Grit’s Covered Bridge
I’m writing you because we receive Grit magazine, and for decades our founder, William “Tiny” Zehnder, read the Grit newspaper. In about 1977, he read an article about the “last” of the wooden covered bridge builders out of New Hampshire in your paper. Tiny, as we called him, wrote a letter to Milton Graton, who was featured in your article. Within a year, Mr. Graton (probably 65-plus years young) and his son came to our Bavarian-themed town of Frankenmuth, Michigan, to talk about building a wooden covered bridge. A contract was hand-written between the two men – I think we still have it – on lined paper, and the process began to build our 239-feet-long, 230-ton wooden covered bridge, known as the Bavarian Inn Holz Brücke, or Wooden Bridge.
Your March/April article “Rural Bridges of America’s Back Roads” invited readers to submit photos of their local old bridges. I thought sending this story of how the Grit newspaper played an integral part in making our bridge a reality was a bit more interesting than just sending the photographs themselves. The bridge just turned 36 years old – likely the youngest wooden covered bridge built in the United States. The first cedar shake roof lasted 35 years. It just received a significant renovation this last summer.
Unfortunately, Tiny Zehnder passed away about eight years ago, but we are a family-run business, and Judy Zehnder, his daughter and president of the Bavarian Inn Lodge, was intimately involved in the process.
Our 1,200-seat Bavarian Inn Restaurant is located on Main Street in “Michigan’s Little Bavaria,” in Frankenmuth, Michigan. Our German culture is celebrated with a Bavarian motif throughout the community.
We just appreciate how Grit magazine was an integral part of our history.
• Opened: January 1980
• Length: 239 feet; Width: 28 feet (Roadway: 19 feet, Walkway: 4 feet, 6 inches on each side)
• Used 163,288 board feet of lumber
• Weight: 230 tons; Load capacity: 18 tons
• Over 4 million vehicle crossings to date
Jim Engel, Frankenmuth, Michigan
Caleb – Welcome and good luck; big boots to fill indeed.
Hank was more than just an editor. We thought of him, sitting out in the yard on the old bucket, as a person who would listen and understand. Just like our country neighbors do: making time in the midst of today’s rush to nowhere; being kind and patient while understanding the shortcomings of other folks; doing what needs to be done, no matter the time or weather; responding to calls for assistance, which come without warning; never intrusive, always respectful; the entire clan always ready to respond to any emergency. They offer themselves as family, not just neighbors, and know of no other way to live.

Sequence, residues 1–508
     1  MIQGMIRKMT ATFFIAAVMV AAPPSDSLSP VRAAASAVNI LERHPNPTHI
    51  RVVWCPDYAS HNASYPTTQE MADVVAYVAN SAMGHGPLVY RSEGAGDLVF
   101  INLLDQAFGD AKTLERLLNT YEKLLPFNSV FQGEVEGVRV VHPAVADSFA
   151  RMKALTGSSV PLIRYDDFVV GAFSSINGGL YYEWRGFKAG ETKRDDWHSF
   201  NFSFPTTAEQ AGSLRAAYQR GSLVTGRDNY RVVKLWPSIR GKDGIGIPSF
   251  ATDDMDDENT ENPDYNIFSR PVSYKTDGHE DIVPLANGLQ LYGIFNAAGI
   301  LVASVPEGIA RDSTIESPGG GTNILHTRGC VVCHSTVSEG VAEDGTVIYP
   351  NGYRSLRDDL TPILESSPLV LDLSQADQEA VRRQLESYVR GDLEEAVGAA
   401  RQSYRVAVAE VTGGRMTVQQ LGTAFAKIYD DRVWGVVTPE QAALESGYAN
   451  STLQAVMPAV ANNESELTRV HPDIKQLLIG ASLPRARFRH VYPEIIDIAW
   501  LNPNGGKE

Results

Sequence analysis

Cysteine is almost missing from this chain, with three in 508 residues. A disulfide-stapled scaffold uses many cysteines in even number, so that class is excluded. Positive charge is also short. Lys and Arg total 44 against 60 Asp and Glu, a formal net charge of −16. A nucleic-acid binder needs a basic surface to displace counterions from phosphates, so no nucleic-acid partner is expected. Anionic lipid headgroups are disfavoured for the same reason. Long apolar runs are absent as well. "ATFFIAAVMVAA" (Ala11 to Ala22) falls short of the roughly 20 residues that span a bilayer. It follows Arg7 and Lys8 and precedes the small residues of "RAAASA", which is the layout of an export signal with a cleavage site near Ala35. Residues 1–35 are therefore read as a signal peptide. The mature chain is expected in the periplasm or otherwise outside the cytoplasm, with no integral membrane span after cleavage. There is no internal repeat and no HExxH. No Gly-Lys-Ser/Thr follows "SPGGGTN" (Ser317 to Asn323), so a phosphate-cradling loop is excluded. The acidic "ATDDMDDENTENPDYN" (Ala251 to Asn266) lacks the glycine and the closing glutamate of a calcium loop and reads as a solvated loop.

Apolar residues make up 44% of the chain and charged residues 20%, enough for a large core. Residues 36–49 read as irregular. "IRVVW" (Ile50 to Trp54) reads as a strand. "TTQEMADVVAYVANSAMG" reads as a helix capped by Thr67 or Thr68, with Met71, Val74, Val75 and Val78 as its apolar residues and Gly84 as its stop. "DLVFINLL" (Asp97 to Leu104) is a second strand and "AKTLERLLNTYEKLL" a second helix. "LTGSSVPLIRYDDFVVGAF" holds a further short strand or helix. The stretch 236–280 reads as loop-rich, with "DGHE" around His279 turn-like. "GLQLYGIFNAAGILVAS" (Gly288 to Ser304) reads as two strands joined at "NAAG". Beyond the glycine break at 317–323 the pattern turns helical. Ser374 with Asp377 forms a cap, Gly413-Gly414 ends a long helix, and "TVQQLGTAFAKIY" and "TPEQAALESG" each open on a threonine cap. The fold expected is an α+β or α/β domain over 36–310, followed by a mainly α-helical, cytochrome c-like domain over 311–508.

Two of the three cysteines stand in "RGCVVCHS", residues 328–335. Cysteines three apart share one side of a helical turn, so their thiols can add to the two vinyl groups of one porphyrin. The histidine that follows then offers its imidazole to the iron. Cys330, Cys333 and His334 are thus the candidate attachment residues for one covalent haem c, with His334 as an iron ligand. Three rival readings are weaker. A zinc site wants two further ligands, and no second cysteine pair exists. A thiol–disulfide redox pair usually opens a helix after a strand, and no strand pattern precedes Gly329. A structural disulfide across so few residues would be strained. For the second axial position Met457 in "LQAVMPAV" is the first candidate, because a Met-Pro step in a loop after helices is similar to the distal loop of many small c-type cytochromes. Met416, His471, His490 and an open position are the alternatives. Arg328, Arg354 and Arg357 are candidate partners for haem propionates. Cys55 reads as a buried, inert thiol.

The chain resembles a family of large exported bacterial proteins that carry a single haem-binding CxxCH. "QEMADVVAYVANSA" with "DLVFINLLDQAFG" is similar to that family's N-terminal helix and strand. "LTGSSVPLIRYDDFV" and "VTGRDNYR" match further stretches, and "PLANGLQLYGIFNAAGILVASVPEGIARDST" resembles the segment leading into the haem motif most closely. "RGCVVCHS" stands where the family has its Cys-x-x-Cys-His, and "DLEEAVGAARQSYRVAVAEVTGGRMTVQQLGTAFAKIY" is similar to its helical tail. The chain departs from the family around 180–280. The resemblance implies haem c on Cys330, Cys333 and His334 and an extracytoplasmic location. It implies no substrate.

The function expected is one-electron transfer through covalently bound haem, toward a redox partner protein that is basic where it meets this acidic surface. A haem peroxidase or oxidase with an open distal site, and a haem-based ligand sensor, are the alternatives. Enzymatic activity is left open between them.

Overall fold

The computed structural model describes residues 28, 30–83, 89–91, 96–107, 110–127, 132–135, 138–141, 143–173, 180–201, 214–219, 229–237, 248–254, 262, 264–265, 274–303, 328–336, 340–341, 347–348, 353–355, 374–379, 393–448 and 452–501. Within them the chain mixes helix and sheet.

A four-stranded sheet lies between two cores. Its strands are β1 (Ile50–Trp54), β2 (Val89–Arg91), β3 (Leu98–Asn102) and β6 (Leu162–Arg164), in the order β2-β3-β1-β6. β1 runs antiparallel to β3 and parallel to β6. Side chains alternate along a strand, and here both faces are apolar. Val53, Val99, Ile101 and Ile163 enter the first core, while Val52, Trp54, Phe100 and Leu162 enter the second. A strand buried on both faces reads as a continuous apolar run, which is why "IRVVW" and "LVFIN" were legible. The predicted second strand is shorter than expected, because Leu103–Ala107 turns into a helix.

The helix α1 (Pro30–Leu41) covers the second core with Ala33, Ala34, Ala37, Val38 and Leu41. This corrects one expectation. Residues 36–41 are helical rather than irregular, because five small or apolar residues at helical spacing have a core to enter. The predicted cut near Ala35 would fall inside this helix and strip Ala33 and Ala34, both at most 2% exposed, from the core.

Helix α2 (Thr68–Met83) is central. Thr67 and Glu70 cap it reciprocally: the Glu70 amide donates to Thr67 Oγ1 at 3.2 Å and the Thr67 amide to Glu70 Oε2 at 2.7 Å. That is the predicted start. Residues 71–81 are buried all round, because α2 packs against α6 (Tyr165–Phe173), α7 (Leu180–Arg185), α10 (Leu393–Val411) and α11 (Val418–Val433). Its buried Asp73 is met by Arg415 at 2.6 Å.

My neighbors, Travis and Dena Bybee, are all of the above. She is a mother, his right hand, and teaches school. He is a father, a cattleman, and serves on the school board. Their lives are full from dawn to dusk and beyond, 365 days of the year. “Rest” is just another word to a farmer. Work is their life. Travis and Dena, like so many other great neighbors and friends across this land, never say “No.”
Joel Monteith, Preston, Missouri
Part of the fabric of rural America, Joel, and we could not agree more. Thanks to Travis and Dena for being one reason we love the country lifestyle. – Editors
Country neighbors are the best at helping each other. My start in life was from country living, and even though I am now an urban dweller, the desire to help those around me is still active in my life. I live on a street where neighbors are all willing and able to help each other. The latest example of that involves an elderly couple who live at the end of the street: he had a heart attack three years ago, and she had a stroke four years ago. Neither can drive because he can’t see well enough, and she can’t react fast enough because of the stroke. I’ve taken on the task of helping them get to doctor, hair and shopping appointments. The rest of the neighborhood has helped with evening meals and visitation to pass the time.
It’s the natural course of things on my street to see a need and just help. I happened to mention the fact that I needed to clean out my gutters on Facebook, and the neighbor was caught on my roof like a little elf cleaning out the gutters for me. Well, of course, when it snows, I try to be the first out with my snow blower to get the neighbor’s driveway before one of the other neighbors beat me to it.